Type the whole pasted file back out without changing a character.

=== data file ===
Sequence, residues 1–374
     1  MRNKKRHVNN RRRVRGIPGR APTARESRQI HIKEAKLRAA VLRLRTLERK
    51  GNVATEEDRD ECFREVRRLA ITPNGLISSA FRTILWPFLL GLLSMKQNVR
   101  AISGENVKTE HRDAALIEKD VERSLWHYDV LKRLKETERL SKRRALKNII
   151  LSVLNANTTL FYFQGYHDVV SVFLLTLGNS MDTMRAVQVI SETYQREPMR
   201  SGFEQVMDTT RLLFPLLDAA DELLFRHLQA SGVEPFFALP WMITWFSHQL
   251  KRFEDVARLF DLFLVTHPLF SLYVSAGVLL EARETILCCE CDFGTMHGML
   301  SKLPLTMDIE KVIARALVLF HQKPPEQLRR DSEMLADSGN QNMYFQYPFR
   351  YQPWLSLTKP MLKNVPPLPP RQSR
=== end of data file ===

Sequence, residues 1–374
     1  MRNKKRHVNN RRRVRGIPGR APTARESRQI HIKEAKLRAA VLRLRTLERK
    51  GNVATEEDRD ECFREVRRLA ITPNGLISSA FRTILWPFLL GLLSMKQNVR
   101  AISGENVKTE HRDAALIEKD VERSLWHYDV LKRLKETERL SKRRALKNII
   151  LSVLNANTTL FYFQGYHDVV SVFLLTLGNS MDTMRAVQVI SETYQREPMR
   201  SGFEQVMDTT RLLFPLLDAA DELLFRHLQA SGVEPFFALP WMITWFSHQL
   251  KRFEDVARLF DLFLVTHPLF SLYVSAGVLL EARETILCCE CDFGTMHGML
   301  SKLPLTMDIE KVIARALVLF HQKPPEQLRR DSEMLADSGN QNMYFQYPFR
   351  YQPWLSLTKP MLKNVPPLPP RQSR